Battery materials company eyes second Chattanooga plant as it seeks tax breaks for factory at Alstom site

Staff file photo / The former Alstom manufacturing site on Riverfront Parkway in Chattanooga is shown in this file photo.
Staff file photo / The former Alstom manufacturing site on Riverfront Parkway in Chattanooga is shown in this file photo.

An official for a company planning a new 300-worker plant in a former Alstom facility in Chattanooga said Tuesday it could put another factory in the area with about 1,000 employees.

"It will go a long way to calling Chattanooga a hub," said Daniel Deas, chief operating officer of a company affiliated with Novonix. He made the comments to the City Council as the panel discussed tax incentives for the business.

Last week, Novonix unveiled plans for a $160 million plant to develop and commercialize material for the lithium-ion battery market that will create some 300 jobs.

Novonix, a Nova Scotia, Canada-based company that opened a smaller facility in Lookout Valley in 2019, is expected to purchase and retrofit a building off Riverfront Parkway at the former Alstom site.

The planned 400,000-square-foot plant in Alstom's former turbomachinery factory, often called "Big Blue," eventually will produce up to 10,000 tons per year of synthetic graphite, according to Novonix.

Deas, chief operating officer for Novonix-affiliate PUREgraphite LLC, told the City Council that the company's new plant will use "an extraordinary amount of power" that eventually would make it the top consumer of energy in the state.

Low power rates and good labor costs are two benefits to the Chattanooga area, he said. Deas said the company also looked at locations in White, Georgia; Huntsville, Alabama; and in Arkansas, Louisiana and New York.

"When I go back and look at the incentives, that provides an incentive for us to be here," he said.

But he added Novonix may not stop at building out Big Blue. The company is looking at another facility in the area that could produce 30,000 tons per year of synthetic graphite and employ 1,000 workers, Deas said.

City Councilman Darrin Ledford said the panel is interested in growing opportunities in Chattanooga.

"I love your commitment," he said.

Under a proposed Payment in Lieu of Tax (PILOT) agreement with the city and Hamilton County, a property tax break for Novonix and PUREgraphite would range from zero to 50% over 10 years. The company would pay all of the county school taxes.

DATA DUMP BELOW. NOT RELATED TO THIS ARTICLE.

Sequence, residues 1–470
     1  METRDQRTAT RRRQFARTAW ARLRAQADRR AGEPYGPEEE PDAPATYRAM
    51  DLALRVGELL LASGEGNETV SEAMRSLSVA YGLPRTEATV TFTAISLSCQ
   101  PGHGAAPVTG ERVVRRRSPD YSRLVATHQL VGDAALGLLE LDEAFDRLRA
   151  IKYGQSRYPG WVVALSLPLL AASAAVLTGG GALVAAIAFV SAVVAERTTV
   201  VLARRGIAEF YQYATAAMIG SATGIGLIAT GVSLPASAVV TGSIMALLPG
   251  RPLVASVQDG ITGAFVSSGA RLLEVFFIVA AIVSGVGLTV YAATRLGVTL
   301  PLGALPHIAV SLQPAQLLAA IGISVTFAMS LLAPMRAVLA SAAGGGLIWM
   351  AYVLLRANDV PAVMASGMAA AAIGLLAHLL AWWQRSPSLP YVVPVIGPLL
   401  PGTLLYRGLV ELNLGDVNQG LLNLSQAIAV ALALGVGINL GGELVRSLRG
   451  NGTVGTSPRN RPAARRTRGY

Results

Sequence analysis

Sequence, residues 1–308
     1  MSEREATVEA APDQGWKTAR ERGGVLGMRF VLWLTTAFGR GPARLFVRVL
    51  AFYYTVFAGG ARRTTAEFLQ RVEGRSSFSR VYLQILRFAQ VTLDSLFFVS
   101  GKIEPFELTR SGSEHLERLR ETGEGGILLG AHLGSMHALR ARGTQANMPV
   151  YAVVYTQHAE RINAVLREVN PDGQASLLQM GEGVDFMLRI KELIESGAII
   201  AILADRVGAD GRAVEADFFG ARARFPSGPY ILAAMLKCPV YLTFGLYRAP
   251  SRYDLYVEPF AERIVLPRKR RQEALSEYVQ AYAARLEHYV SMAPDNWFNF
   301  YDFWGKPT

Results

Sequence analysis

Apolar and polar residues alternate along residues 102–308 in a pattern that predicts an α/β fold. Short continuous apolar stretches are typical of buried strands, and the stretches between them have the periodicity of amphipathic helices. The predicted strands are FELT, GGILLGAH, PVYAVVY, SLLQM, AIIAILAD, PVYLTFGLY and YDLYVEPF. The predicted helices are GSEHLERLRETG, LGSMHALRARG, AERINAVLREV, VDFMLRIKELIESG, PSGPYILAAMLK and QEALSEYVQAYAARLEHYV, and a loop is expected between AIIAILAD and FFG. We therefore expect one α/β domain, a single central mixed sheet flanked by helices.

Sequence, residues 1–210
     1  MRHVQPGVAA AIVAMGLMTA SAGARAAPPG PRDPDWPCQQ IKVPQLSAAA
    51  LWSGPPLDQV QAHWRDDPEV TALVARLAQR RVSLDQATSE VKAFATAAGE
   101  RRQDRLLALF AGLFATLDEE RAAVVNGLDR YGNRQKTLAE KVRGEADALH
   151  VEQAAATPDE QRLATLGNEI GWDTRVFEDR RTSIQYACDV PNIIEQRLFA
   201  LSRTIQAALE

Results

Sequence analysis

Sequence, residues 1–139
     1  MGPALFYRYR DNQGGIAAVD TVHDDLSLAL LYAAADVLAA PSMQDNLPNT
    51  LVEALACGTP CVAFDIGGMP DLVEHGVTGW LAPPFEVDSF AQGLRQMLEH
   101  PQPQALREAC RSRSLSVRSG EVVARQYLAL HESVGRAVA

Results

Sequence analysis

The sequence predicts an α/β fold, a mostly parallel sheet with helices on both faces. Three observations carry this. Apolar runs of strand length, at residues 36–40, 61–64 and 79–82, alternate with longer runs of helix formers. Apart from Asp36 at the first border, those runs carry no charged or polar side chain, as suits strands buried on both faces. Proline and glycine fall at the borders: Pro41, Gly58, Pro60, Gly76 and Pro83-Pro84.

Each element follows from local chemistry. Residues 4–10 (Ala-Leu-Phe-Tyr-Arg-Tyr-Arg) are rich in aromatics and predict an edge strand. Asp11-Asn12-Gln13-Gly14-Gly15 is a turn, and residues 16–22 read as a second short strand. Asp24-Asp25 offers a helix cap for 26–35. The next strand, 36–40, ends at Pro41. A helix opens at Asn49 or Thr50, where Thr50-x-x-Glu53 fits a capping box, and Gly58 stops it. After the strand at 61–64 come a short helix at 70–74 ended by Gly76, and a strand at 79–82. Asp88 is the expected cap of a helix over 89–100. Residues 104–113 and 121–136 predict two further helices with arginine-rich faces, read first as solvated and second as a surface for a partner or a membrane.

The company has the option to decide when it wants to start the incentives within five years, the agreement said. The City Council is expected to finalize a tax agreement next week.

Deas said he expected the company will be on site this year with work picking up in mid-2022 and up to capacity by mid-2023.

He added the company is talking to county schools and Chattanooga State Community College about an employee pipeline.

Novonix' product is used in making ultra-long-life, high-performance anode material for lithium-ion batteries, specifically for electric vehicles and similar storage applications, officials said.

"I think it will be an awesome addition to the Alstom facility," said Charles Wood, the Chattanooga Area Chamber of Commerce's vice president for economic development. "This is manufacturing in a sector that has a long growth curve out ahead of it."

Novonix established its anode materials business, PUREgraphite, in March 2017. Its Lookout Valley plant, where it's leasing space, employs about 35 people.

Chattanooga businessman Jimmy White purchased the former 112-acre Alstom property, now called The Bend, along with local hotel developer Hiren Desai for $30 million in 2018.

White said his Urban Story Ventures group had been waiting for a company such as Novonix. White has said the proposed redevelopment of the Alstom property could bring $2 billion to $3 billion in investments, add more than $11 million in tax revenue annually for Chattanooga and Hamilton County and spur more than 5,000 jobs.

Use of the former Alstom property for manufacturing goes back more than a century as a location for making pressure vessels, tanks, fire tubes and water tube boilers. In 2007, Alstom announced plans for a new $300 million Chattanooga plant and built the turbine manufacturing facility.

But in 2015, GE bought France-based Alstom's power operations and later announced it was closing the turbine manufacturing plant and two adjacent facilities, cutting nearly 235 jobs in Chattanooga.

Contact Mike Pare at Follow him on Twitter @MikePareTFP.

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